Photo taking didn't get any attention until after some of the distractions written about on Kitty Reflects 1/19/03, though a few were snapped before the piece from 1/29/03. This was Paul's first time in the house that Kitty acquired in the dissolution of her first marriage in October of 2000. (More)
One of the very first efforts that needed doing was getting our computers up and running in our office downstairs - the house is one of the few in the desert with a basement. We have our desks arranged so that we can see each other all the time, making communication easy and enjoyable. The "blue room" upstairs next to our bedroom will be our permanent office, but at this time was in need of work and unusable.
Once our office was mostly working well, we started doing some much needed house cleaning and yard work.
The front door was really a mess from birds making nests in a wreath that had been left hanging for over 2 years.
This was the first of 7 trees around which we cleared large amounts of the aloe vera that had been using the majority of the water dripped at their bases. Anybody wanting the dozens of plants we ripped up could have had them for just the asking. While the trumpet shaped flowers on the aloe vera are favorites of hummingbirds, too many can rob a tree of much needed water.
Plant pruning took a significant portion of our outside work since they had not had any attention in over 2 years.
The mesquite tree on the southeast corner of the house has been clinging to life for several years. One reason was probably the overgrowth of the aloe vera that had started out as only a few plants. Kitty's near the end of the task of removing all of these tenacious plants around this tree. She did return just a small handful after digging out the thick mat of roots that had formed.
Paul had to really work at removing a stake that had been deeply in place since this mesquite was first planted about 13 years previously.
An area on the east side of the house was especially lush with buffalo grass, which only grows after heavy seasonal rains. The drip water system "T" to this yucca in front of Paul was found to be leaking; another item to fix. Those yucca leaves are razor sharp on the edges and needed pruning first. After replacing the "T", we redug the "well" which allows the water - whether irrigation or rain - to collect and soak down to the roots.
Even before Kitty finished the water system repairs on the small yucca, Paul took on pruning off the dead leaves of another variety behind it. The "before" condition can be seen in the shots just above.
Once the dead leaves were gone, Kitty could get back behind the tree and make improvements on the watering system.
Paul "combs" a Golden Barrel cactus as Kitty fixes the watering system.
More watering system problems needed work on the front of the attached garage near the entry walk. Paul sits between blooming aloe vera and red yucca, yet to bloom on the right, as he locates a clogged "T" near one of the latter. He's holding a small aloe vera that was weeded out.
A major task was the creation of covers for the 2 skylights into the basement for the summer months to reduce the heating in the basement and therefore the entire house. Paul selected items from the remnants of building materials on the property and we went to work.
Once the materials were decided on, Paul double-checked his measurements for the frames to be cut from old, but still usable, 2x4s.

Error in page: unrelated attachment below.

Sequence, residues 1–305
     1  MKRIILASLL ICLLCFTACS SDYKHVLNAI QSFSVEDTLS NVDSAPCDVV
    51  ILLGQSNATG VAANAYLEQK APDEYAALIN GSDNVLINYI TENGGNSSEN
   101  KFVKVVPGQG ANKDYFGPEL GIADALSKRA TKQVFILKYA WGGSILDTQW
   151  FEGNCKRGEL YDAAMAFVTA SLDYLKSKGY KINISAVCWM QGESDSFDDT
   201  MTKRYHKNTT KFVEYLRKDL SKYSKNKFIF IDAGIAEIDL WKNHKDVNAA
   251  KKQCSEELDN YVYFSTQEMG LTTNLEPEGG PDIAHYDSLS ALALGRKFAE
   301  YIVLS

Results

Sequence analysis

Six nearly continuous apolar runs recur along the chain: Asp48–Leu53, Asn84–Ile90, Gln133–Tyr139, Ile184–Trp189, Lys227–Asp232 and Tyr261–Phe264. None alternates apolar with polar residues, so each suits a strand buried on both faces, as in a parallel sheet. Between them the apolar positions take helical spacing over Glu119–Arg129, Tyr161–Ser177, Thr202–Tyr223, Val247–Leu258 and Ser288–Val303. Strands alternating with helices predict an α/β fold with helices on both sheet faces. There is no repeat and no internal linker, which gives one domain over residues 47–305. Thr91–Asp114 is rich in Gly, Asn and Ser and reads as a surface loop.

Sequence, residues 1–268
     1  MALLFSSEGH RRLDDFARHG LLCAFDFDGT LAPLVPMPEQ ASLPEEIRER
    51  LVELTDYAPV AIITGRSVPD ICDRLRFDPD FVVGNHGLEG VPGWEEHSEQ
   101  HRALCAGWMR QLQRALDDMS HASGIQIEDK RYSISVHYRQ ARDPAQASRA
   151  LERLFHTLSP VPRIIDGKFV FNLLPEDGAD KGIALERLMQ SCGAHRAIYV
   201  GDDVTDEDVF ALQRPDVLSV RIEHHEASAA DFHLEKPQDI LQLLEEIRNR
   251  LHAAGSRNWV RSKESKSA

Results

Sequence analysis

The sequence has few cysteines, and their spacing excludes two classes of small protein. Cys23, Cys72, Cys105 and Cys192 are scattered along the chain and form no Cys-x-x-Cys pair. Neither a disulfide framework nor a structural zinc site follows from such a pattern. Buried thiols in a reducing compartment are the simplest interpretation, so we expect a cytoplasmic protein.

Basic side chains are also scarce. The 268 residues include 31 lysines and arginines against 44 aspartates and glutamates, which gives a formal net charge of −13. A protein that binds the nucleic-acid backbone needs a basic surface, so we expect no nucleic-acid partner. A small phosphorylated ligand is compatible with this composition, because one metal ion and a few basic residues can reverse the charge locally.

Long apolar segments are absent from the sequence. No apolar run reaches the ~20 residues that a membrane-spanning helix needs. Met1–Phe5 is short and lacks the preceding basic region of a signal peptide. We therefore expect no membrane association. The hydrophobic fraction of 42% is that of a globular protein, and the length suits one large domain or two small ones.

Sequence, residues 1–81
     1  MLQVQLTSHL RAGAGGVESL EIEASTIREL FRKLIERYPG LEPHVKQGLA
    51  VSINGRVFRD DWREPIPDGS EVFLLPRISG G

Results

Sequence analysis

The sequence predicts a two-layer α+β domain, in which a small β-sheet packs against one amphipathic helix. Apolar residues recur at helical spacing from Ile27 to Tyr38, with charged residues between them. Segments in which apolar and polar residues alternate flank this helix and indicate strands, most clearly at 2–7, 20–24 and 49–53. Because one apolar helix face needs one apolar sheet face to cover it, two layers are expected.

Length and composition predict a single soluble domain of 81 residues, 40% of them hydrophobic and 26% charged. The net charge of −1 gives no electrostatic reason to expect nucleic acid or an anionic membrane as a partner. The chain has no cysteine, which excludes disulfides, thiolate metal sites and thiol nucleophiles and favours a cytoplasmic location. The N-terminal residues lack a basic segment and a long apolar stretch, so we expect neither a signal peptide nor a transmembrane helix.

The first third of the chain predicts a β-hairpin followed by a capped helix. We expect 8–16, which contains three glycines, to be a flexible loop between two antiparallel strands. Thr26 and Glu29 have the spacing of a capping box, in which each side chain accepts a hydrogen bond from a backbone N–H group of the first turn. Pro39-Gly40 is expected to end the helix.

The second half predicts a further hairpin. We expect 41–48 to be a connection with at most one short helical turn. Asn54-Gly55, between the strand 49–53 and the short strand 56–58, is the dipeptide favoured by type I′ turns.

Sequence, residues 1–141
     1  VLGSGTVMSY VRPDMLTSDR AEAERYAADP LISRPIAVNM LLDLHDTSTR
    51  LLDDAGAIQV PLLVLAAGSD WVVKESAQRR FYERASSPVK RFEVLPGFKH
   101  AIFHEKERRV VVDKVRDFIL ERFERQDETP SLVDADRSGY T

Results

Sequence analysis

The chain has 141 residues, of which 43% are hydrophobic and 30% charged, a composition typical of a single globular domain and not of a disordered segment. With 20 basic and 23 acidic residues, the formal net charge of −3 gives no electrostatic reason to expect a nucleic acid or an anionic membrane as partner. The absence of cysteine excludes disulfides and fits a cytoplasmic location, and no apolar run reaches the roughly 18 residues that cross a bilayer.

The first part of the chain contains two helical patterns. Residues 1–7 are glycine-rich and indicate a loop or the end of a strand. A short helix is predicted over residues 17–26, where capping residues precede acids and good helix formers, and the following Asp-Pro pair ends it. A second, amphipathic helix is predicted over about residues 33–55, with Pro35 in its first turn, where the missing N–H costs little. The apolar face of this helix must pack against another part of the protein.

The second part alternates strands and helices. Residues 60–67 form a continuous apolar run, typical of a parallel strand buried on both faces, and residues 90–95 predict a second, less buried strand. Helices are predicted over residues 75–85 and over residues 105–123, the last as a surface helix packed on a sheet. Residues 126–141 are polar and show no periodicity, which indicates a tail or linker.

Kitty cleaned the sheet metal siding (that had been lying around for years) that would become the covers. Then she painted the 2x4s that Paul had cut.
Paul meantime fastened the previously painted frame uprights to the base of the first skylight. The design is such that the cover comes off in the winter to allow the sunshine to warm the basement.
Now all that is needed is the final painting - the sand color of the house. The downward angle of the metal siding cover will allow the occasional rain to run off onto the Chinese Lilac, hidden behind the closer bush. Onto the next window well around the corner!
Paul works on a retaining wall to keep the path in place around the garage to the fron entry. We later placed left-over red tiles - some whole and others broken but usable - from the back patio. At least this way the dirt and sand won't keep washing down onto the front steps. Next year we'll add some groundcover to help hold back the soil.
Back inside, Paul is at the tail-end of a massive garage cleaning effort. Years worth of stuff were examined; most was given to Kitty's former husband, given to the Salvation Army, or thrown out. We should have taken a "Before" picture. What a job!
Then there was the unpleasant task of cleaning out a large rodent nest in the water heater closet off the garage where some dried chiles had also been left for many months. It then took over a week to rid the house of a small family of rodents - they dined on rat poison almost with impunity and picked cheese and licked peanut butter off traps w/o springing them. They also chewed a hole in rubber weather stripping placed at the bottom of the door (not by us since we considered it a useless measure) where they had previously chewed through to enlarge the existing gap. Finally they succumbed to the poison and their bodies were removed from the closet. The hole in the wall where the pipe enters into the house proper was then closed off with sheet metal.
Paul has just completed the task of cutting down a lovely Bottle Brush bush, behind him in the corner, that died from lack of sufficient water - the watering system was found to be clogged last spring on one of Kitty's brief visits. The plant was already dead at that time, a sad loss since it was the only one on the property.
This mesquite needed a lot of pruning of dead limbs - from insufficient watering - and ones that were just growing too low to walk under safely or were growing into bush on other side of the wall.